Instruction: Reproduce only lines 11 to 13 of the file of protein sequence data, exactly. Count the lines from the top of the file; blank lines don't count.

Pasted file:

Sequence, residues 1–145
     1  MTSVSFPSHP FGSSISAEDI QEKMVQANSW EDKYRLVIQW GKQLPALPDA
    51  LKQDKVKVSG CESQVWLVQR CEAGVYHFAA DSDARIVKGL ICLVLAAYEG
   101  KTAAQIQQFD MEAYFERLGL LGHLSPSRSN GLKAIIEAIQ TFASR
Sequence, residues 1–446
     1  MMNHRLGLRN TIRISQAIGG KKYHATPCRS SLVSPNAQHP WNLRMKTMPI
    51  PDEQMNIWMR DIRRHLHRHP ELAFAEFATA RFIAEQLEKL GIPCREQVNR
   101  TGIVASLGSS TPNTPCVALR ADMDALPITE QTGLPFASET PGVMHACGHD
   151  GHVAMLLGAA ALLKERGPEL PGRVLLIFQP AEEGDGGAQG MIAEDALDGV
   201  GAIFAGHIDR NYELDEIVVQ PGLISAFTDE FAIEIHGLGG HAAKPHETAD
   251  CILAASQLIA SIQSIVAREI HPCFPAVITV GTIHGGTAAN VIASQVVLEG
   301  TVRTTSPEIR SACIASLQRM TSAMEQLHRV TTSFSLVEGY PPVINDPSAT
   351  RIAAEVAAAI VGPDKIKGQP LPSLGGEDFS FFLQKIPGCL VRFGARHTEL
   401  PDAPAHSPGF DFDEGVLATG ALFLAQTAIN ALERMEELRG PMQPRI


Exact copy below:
   251  CILAASQLIA SIQSIVAREI HPCFPAVITV GTIHGGTAAN VIASQVVLEG
   301  TVRTTSPEIR SACIASLQRM TSAMEQLHRV TTSFSLVEGY PPVINDPSAT
   351  RIAAEVAAAI VGPDKIKGQP LPSLGGEDFS FFLQKIPGCL VRFGARHTEL